• Police treatment of survivors. There is another part of the book where the characters are trying to walk to a drier neighborhood, where they have a family member, but are kept out by policemen with guns. This is based on an actual event and was the perfect opportunity to make a real-world connection.
  • How class impacts storm preparation. The main character’s great-grandmother does not have a car or money for a bus, so she would have been stuck in New Orleans despite the mandatory evacuation order if she didn’t get a ride with her church’s pastor. We talked about what would prevent people from being able to leave their homes, and who gets left behind during storms.
  • Response of government officials and agencies. There are several moments in the book where the characters comment on or observe the lack of response from the Red Cross or other aid agencies. We compared this response to that of the Trump administration during Hurricane Maria and the Obama administration during Hurricane Sandy (by looking at infographics and charts) and talked about what factors could contribute to different response times, such as race of the victims, cost of cleanup, resources, and location of the storm.

3. Select Your Strategies

All of your preparation will be for naught unless you also have a plan for how you are going to get your students thinking, talking, and writing about these issues. Below I’ve outlined three of the strategies and activities I have used and had success with.

Anticipation Gallery Walks

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Students participating in a gallery walk before reading Among the Hidden

If you’re feeling overwhelmed about how to incorporate issues of race, class, and inequality into your novel study, I recommend starting with an anticipation gallery walk because it is low-prep and is a very easy segue into having these sorts of deeper conversations. The premise of this activity is simple but the impact is large. You come up with several statements that are vague, require kids to take a stand, and are connected somehow to the novel you will be reading. For example, when we read Zane and the Hurricane, the anticipation statements would be:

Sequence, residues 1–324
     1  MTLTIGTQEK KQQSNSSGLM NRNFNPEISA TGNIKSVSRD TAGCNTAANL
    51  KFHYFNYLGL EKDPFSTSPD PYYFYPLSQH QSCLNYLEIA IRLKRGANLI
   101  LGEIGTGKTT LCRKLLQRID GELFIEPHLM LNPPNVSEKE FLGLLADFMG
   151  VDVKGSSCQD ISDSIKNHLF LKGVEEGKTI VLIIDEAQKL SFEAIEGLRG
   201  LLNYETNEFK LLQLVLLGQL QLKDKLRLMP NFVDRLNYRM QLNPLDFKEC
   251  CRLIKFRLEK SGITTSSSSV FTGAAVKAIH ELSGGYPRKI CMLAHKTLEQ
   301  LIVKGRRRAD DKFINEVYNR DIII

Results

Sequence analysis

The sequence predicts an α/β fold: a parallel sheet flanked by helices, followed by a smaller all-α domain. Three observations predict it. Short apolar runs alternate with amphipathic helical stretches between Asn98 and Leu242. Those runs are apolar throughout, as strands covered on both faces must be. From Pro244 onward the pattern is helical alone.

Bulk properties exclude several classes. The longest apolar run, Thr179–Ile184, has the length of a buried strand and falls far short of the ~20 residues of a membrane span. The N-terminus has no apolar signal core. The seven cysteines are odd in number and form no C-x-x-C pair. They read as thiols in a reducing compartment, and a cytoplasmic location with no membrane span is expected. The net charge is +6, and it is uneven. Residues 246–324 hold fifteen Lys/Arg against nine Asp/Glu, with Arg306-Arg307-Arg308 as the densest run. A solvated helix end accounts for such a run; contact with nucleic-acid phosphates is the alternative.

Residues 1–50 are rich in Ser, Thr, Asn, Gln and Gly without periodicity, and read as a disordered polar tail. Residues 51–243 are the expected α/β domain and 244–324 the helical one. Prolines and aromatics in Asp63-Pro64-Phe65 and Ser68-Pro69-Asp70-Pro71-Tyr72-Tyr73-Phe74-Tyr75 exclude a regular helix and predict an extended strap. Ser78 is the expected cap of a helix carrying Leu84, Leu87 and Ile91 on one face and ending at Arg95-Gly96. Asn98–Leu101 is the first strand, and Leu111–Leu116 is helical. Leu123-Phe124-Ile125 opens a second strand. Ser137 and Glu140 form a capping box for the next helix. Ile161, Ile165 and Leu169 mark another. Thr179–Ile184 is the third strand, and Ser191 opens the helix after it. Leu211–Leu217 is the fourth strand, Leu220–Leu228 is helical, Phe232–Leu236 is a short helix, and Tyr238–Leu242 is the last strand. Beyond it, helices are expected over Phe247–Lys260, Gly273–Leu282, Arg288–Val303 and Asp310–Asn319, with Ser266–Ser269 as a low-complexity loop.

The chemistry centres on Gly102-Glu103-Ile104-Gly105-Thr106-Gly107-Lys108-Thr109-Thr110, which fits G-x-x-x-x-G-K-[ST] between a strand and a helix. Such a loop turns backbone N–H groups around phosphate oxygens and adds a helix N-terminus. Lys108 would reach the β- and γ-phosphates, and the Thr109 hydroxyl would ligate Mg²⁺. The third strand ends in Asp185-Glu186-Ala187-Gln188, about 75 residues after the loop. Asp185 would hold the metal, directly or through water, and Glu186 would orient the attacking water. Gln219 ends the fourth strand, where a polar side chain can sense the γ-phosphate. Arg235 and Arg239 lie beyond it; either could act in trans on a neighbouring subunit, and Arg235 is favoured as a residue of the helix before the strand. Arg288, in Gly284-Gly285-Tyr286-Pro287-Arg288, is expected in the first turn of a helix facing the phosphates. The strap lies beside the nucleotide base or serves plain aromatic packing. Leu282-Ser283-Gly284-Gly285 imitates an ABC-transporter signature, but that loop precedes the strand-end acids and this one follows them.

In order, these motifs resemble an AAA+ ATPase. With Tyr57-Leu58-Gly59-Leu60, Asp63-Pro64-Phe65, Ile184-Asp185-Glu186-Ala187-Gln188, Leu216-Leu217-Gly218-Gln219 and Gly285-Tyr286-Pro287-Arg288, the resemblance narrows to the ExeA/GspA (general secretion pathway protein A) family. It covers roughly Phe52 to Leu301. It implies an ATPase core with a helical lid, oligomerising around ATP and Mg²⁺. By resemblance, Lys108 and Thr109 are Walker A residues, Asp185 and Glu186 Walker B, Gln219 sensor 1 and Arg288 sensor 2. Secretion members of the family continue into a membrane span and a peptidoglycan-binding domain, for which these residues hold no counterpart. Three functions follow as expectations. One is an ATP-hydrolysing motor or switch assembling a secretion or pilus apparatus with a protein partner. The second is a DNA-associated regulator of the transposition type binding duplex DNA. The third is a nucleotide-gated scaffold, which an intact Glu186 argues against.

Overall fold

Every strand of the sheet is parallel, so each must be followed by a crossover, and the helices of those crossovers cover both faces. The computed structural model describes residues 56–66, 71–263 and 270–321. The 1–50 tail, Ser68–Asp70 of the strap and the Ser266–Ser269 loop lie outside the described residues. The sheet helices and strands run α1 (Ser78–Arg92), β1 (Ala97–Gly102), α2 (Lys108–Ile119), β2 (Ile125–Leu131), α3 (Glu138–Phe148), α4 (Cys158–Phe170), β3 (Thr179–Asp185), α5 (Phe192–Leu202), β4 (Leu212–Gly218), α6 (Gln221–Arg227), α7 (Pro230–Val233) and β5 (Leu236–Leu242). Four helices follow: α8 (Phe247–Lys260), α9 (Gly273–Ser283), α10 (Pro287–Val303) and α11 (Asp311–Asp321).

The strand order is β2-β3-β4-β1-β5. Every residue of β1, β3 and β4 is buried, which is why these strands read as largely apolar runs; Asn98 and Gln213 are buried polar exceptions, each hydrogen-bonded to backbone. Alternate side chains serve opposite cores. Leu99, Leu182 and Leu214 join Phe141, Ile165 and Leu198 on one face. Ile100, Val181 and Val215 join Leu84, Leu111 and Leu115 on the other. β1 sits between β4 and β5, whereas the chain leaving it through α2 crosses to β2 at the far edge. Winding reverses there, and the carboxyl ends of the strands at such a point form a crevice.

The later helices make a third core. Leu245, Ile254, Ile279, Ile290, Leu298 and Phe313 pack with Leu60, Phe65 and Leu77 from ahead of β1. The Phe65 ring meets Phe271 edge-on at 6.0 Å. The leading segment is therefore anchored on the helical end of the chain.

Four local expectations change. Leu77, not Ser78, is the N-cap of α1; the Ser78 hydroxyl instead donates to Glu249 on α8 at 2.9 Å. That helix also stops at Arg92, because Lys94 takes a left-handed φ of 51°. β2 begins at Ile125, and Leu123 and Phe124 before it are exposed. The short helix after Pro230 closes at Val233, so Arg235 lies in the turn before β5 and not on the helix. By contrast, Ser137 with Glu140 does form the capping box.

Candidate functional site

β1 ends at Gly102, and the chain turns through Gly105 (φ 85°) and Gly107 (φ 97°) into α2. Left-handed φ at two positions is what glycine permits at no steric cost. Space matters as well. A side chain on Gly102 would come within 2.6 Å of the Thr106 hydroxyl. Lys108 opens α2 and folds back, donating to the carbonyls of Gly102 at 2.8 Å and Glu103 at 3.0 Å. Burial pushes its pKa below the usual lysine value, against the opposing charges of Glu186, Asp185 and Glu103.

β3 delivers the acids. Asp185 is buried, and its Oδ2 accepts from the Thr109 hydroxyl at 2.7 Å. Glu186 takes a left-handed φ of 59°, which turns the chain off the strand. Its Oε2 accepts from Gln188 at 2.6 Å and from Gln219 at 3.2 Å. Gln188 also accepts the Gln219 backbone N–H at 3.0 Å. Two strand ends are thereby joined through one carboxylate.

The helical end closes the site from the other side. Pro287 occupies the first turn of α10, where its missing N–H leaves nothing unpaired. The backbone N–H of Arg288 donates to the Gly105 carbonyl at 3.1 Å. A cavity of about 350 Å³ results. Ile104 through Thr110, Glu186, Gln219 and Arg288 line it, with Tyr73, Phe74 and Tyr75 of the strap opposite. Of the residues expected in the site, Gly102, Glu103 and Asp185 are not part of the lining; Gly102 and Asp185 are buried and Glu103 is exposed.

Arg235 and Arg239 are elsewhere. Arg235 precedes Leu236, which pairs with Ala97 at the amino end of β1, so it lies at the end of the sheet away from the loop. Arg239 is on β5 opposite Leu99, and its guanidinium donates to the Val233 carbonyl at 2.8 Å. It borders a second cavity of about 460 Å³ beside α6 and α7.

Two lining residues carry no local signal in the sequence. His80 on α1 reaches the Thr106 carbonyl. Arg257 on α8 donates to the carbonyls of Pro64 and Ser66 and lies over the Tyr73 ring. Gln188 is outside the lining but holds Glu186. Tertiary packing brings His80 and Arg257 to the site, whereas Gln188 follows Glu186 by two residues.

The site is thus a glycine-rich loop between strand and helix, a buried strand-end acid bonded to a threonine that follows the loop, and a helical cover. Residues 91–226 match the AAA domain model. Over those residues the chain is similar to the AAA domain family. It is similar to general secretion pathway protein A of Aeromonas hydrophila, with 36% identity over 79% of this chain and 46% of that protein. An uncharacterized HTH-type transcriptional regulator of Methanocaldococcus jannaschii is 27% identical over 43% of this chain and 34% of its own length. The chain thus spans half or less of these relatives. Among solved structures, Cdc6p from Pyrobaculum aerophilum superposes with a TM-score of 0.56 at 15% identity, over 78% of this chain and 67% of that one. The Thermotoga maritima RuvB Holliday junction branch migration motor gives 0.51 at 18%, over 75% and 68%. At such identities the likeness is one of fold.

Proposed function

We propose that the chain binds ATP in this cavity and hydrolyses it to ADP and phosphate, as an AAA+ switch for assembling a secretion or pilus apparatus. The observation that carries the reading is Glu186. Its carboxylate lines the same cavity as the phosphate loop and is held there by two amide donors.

• Racism does not exist anymore.
  • The police always help people who need it.
  • It’s okay to steal if you need it to survive.
  • Adults are smarter than children.
  • If someone helps you, you should help them back.
  • People are more important than things.

Post the statements around the room and have kids circulate, writing whether they agree or disagree and WHY. As they circulate, they should also read their classmates’ responses and can respond to those. Not only does this build excitement for the new novel and get them thinking critically about the important issues in the book, but it is also a great time to have discussions about some of the statements before you even start reading. In addition, this activity allows students to bring their own experiences and opinions into the classroom, which is always important!